Random Thoughts on the Year Ahead

Please consider this post as being intentionally below our usual front page standards. “Intentionally,” because we’re coming off of a holiday and I haven’t completely taken my heels off my desk yet.

What I aim to do here is share some pretty much random thoughts on the year past and the one head from a SharperIron point of view.

The year past

Over all, twenty-ten was not a bad year for SI. Site traffic was down about 3% compared to the year before, but from October 1 on, was higher than the year before by a significant and increasing margin. November increased over October and December increased over November. It’s hard to tell yet whether that represents a trend. But I’m encouraged by the fact that we began 2010 with traffic levels below those of 2009 and finished the year well above them.

Of course, site traffic is kind of like church attendance. It’s just the easiest factor to look at to gauge how you’re doing—not necessarily the most meaningful one.

In 2010, we completed our first-ever survey of SI readers. Some interesting results came from the survey. While I can’t say we attempted any specific changes in response to the survey, the results did become a part of the team’s perspective on what we’re doing. And survey responses did shape our discussions on things like approach to moderating, selection of Filings and other posts, and the site’s relationship to doctrinal issues.

Speaking of—another significant event of 2010 was the unveiling of an expression of the doctrinal views of SI’s admins and moderators. It’s a modest start, but an important one. Folks have sometimes (in emails and posts) referred to “SI’s position” or “SI’s view” on this or that. The phrase has never really had any meaning since “SI” is pretty much everybody who posts. But as a way of referring to what the site leadership believes, the phrase has been hollow as well: we never said what we believed about anything beyond the existing Doctrinal Statement. Now there’s a bit more to work with.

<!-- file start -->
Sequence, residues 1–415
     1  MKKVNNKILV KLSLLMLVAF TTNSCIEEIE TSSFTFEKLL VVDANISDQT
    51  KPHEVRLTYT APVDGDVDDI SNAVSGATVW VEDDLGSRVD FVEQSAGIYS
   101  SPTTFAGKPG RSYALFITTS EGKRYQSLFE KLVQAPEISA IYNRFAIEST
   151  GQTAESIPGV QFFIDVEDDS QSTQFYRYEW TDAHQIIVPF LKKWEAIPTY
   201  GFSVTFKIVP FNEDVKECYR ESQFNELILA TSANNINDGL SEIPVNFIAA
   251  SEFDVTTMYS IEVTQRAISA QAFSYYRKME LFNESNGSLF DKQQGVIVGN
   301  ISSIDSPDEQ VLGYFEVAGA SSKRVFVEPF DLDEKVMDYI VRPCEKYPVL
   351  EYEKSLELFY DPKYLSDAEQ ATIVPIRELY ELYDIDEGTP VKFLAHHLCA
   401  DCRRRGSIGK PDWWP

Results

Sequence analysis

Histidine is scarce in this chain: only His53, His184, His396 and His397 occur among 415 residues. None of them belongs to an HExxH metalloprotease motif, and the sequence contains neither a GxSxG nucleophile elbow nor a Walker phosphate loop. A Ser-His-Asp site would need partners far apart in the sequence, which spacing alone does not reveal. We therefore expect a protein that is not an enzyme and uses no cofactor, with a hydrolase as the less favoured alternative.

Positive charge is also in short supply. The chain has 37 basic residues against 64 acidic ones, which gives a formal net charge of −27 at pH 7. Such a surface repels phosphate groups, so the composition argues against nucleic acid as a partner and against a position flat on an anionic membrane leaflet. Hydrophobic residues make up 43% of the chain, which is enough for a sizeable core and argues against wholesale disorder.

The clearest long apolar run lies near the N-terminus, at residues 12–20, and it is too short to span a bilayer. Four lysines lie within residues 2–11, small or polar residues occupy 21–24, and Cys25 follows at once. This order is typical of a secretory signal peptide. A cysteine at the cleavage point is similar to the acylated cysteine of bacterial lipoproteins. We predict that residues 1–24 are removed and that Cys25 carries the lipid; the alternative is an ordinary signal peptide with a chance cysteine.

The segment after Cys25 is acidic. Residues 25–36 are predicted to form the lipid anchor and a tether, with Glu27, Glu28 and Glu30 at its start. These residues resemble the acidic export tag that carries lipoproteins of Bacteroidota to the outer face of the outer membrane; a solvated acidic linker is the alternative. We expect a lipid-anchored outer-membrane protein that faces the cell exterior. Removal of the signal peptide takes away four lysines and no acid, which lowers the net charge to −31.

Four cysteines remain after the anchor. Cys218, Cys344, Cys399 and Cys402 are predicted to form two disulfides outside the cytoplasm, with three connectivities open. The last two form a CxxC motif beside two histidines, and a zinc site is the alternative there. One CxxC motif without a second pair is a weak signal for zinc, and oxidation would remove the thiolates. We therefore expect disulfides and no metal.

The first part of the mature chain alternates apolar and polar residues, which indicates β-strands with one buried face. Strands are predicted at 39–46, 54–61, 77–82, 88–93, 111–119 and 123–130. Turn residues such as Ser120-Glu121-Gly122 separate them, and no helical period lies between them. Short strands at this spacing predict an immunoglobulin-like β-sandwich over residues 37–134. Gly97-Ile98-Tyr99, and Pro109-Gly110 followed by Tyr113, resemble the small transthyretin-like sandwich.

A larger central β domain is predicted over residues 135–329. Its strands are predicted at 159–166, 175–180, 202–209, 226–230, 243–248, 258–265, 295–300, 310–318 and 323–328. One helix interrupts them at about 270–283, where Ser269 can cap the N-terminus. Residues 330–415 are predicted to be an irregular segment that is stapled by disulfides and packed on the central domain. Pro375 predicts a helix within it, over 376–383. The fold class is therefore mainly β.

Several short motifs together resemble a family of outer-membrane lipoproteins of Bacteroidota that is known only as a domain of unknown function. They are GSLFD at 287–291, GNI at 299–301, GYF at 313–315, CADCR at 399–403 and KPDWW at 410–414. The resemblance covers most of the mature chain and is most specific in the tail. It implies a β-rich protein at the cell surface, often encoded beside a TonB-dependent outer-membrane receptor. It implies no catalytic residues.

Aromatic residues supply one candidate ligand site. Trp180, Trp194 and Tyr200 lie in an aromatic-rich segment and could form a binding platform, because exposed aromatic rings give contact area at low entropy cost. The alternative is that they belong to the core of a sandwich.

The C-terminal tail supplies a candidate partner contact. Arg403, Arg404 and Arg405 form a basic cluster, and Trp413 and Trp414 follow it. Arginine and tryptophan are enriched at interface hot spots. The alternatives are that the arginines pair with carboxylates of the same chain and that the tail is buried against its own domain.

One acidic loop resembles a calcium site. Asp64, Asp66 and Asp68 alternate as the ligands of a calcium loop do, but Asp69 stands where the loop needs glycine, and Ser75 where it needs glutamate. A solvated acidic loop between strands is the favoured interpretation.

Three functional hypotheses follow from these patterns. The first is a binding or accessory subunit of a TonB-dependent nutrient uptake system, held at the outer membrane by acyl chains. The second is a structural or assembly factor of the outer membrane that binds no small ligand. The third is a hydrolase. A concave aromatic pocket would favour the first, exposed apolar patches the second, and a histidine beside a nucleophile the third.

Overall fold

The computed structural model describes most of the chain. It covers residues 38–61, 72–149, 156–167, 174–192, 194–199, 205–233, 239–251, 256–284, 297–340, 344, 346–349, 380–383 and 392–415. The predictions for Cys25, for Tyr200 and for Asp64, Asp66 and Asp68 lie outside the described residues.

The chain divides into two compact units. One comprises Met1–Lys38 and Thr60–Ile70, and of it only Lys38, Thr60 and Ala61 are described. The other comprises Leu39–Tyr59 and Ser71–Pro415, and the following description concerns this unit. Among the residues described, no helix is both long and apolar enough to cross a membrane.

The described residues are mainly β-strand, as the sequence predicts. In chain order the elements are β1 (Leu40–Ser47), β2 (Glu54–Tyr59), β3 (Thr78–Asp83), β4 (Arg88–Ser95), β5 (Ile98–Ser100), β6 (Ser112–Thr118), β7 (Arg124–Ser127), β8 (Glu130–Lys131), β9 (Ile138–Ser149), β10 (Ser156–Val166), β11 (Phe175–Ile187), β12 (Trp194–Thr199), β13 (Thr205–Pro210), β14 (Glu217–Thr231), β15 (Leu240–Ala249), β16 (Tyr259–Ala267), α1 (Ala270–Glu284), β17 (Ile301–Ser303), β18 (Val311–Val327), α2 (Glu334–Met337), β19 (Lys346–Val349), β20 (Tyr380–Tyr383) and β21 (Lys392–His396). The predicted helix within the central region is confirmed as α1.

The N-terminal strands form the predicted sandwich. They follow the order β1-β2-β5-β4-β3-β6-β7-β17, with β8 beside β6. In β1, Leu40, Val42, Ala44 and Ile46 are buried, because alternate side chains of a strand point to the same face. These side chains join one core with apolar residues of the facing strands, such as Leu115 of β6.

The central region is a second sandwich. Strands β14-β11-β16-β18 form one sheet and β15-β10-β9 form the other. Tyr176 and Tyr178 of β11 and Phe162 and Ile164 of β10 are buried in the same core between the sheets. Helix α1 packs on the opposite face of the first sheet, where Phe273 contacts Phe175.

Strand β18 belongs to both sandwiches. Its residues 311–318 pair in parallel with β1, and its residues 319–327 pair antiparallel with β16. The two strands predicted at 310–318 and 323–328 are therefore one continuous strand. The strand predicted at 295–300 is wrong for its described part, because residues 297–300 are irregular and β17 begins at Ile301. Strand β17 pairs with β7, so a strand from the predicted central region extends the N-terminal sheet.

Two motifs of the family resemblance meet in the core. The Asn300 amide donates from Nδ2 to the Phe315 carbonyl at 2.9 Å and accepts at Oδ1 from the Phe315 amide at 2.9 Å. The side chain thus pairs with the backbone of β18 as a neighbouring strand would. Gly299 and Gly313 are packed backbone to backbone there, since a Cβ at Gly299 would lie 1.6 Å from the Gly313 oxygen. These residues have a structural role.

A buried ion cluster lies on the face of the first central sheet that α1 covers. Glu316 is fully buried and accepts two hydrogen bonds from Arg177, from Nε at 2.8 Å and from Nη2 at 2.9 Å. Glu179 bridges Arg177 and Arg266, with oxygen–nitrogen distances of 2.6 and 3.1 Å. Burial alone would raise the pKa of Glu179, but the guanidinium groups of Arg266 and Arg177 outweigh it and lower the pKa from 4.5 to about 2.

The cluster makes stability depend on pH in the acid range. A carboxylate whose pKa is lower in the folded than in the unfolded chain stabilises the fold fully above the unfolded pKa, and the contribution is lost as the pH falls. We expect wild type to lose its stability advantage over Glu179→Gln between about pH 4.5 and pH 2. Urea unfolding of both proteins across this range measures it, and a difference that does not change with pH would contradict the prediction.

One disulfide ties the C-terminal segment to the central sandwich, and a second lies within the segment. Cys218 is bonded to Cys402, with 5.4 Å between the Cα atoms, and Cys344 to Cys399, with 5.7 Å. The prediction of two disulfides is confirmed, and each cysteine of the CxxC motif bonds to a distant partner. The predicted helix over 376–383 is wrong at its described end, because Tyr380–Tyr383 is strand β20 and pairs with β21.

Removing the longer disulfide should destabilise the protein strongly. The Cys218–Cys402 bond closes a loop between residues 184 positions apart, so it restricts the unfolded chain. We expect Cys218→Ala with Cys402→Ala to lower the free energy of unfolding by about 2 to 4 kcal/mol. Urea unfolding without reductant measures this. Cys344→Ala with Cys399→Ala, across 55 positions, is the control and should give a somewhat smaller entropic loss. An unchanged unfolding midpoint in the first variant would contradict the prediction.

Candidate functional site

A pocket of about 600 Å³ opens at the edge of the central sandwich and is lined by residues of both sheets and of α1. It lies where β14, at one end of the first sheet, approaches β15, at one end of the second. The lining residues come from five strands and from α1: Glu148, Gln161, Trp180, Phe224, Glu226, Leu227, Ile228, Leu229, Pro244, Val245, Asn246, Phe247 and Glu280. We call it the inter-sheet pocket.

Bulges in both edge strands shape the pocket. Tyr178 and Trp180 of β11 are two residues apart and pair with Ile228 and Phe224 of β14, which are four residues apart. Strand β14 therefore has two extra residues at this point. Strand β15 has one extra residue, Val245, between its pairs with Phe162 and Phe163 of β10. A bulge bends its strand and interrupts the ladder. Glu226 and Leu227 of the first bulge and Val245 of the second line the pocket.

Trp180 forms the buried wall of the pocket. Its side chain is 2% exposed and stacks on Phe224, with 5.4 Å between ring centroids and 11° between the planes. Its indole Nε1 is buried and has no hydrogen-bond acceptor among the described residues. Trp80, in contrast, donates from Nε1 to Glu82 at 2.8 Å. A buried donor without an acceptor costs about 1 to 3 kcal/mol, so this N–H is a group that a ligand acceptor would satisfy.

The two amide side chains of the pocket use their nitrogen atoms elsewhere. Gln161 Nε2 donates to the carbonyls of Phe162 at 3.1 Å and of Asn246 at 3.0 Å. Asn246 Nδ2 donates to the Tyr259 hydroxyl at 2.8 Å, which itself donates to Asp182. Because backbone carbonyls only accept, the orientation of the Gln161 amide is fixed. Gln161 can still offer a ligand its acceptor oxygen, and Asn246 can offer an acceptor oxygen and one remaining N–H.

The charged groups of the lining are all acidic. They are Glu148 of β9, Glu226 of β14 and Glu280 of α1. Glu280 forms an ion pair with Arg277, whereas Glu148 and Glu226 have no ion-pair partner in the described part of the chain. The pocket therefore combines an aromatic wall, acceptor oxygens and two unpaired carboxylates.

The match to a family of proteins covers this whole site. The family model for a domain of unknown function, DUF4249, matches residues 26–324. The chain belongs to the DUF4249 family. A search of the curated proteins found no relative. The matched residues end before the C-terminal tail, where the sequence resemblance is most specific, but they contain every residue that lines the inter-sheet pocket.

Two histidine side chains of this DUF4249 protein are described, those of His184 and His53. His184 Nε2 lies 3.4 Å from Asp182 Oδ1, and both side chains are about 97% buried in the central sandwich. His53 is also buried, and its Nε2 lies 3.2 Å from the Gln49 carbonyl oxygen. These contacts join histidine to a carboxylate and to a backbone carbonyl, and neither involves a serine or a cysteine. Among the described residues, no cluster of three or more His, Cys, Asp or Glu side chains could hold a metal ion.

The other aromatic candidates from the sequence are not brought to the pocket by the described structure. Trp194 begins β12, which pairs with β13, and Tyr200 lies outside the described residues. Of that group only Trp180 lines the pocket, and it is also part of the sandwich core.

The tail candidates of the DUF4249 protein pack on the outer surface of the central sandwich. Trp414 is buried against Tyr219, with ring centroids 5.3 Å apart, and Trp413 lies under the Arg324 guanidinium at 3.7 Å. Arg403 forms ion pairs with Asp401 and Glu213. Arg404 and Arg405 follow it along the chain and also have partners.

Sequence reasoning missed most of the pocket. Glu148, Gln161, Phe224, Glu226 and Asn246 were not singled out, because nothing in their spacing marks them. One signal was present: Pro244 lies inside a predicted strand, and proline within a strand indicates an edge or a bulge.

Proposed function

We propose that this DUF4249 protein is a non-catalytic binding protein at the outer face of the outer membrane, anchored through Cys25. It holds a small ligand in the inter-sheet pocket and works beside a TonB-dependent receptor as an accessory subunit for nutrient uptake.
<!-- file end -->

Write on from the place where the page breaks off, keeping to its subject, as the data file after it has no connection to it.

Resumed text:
Where our handling of doctrine will go in the future remains to be seen.

Financially, we did OK in 2010, too. I’m no CPA,1 and all the crunching hasn’t been finished yet, but I’m pretty sure SharperIron, LLC finished a tiny bit ahead for the year in the dollars and cents department. Thanks to all of our advertisers, as well as those who donate from time to time or use the Amazon box.

Looking ahead

Since the styling and functionality updates in June (“SI 3.1”), we’ve had some intermittent problems with site performance: slow page loads. Some tweaks a week or so ago appear to have helped, but it may be necessary in 2011 to go back to a slightly beefier (but more than “slightly” more expensive, I think) server configuration. So we may be asking for money again soon.

But right now, looking ahead mostly brings writing topics to mind. Though some ideas are brewing on how to make the site a bit more “social” in 2011, I’m mostly looking forward to doing more actual writing—what got me involved in SI in the first place back in ‘05, as a once-a-month writer.

Some topics I’ve been gnawing on follow. If you’re interested in writing on these topics, I’d welcome your perspective as well. Take a look here for details on how to construct your manuscript and get it to us.

What does “depending on God” mean?

I suppose all believers are keenly interested in this subject unless they believe they’ve already figured it out. Reading a few of the early chapters of David Platt’s book Radical piqued my interest again in doing some writing against popular misunderstandings of the concept.